Skip to main content
Research project

Improving patient outcomes with cochlear implants through the application of data science (AudiLog)

Research areas:
Research groups:
Lead researcher:
Other researchers:
Status:
Active

Project overview

Deafness in early and later life has high health and economic costs (£26Bn/annum in the UK) and reduced life chances. Cochlear implants are a cost-effective solution, but low referral rates mean relatively poor penetration (<6%) and adoption of this technology. Clinical capacity and low patient and practitioner awareness are barriers to uptake. We will develop data-driven patient stratification to increase clinical capacity and improve patient outcomes. We will empower patients, improve public awareness of implants, and enable every patient to be a research participant through PPIE.

This project will create the foundation for the use of data-science to improve hearing outcomes for children and adults with a cochlear implant. It will develop the University of Southampton Auditory Implant Service longitudinal research database (AudiLog). This study will build on our research into factors associated with patient outcomes after cochlear implantation. The initial data set includes more more than 1900 individual patients over 1000 of whom have high-quality clinical data spanning up to 20 years.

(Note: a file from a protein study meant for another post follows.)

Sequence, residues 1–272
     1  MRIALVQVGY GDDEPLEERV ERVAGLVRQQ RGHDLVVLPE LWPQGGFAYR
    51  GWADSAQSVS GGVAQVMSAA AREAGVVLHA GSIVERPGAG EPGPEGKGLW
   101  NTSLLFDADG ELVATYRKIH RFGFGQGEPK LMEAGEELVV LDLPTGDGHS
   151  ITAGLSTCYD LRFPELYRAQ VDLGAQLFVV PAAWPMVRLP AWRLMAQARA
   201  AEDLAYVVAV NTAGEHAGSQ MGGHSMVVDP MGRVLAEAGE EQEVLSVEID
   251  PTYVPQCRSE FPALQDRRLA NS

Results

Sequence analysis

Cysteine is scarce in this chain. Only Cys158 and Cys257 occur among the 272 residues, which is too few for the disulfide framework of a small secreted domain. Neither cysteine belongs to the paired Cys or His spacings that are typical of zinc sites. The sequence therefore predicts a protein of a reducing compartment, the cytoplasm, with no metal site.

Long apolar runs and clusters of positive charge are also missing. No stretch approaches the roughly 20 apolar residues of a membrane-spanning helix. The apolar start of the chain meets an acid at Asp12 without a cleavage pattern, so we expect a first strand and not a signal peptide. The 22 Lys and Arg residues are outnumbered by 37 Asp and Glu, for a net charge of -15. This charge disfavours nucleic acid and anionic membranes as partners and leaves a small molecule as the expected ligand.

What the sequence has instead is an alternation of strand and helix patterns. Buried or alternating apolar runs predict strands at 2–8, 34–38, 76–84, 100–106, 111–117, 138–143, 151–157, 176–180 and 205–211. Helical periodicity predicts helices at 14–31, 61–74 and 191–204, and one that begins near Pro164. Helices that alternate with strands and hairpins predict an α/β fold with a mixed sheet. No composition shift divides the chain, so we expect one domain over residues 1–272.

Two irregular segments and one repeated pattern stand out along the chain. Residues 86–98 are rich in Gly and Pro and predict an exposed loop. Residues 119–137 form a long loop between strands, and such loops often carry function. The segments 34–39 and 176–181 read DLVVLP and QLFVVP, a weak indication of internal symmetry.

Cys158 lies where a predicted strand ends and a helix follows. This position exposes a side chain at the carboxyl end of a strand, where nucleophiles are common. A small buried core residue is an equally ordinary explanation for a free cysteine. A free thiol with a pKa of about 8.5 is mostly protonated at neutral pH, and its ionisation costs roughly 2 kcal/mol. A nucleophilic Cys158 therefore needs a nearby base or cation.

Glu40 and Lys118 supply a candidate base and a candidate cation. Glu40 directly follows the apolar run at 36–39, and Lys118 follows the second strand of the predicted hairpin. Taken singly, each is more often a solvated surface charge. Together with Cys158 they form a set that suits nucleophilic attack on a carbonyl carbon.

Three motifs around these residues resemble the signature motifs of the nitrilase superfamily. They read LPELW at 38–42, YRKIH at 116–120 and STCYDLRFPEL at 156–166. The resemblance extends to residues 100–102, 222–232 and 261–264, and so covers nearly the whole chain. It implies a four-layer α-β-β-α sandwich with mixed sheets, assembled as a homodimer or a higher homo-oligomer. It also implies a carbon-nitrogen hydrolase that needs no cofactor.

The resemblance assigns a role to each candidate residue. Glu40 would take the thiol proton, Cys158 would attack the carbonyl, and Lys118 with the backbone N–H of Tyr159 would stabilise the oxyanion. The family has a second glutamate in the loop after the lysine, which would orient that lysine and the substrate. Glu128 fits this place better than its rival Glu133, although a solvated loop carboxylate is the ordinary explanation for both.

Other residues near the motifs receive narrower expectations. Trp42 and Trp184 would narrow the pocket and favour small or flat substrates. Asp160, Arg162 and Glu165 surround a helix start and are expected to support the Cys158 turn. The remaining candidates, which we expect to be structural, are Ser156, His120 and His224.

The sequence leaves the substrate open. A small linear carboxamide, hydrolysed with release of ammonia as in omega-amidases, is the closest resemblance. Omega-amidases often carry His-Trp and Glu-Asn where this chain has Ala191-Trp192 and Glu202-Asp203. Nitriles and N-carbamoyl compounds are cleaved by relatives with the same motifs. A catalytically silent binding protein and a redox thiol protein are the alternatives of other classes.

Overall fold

Staff

Lead researcher

Doctor Tracey Newman

Associate Professor

Research interests

  • The demographic of populations worldwide is changing. People are living longer but with more years with affected by disability in the last two decades of life. The societal and economic consequences of this change are not being well managed. There is a lag in the development of health interventions and a need for rapid learning for future health and infrastructure planning. Typically, people in poorer economic situations are disproportionately affected by disability in later life.
  • Hearing loss and dementia: I lead multidisciplinary research focussed on hearing loss, the use of cochlear implants to restore hearing in otherwise deaf people and the interaction between hearing loss and dementia.

Connect with Tracey

Other researchers

Doctor Mary Grasmeder

Senior Clinical Scientist (Audiology)

Connect with Mary

Collaborating research institutes, centres and groups

Back to top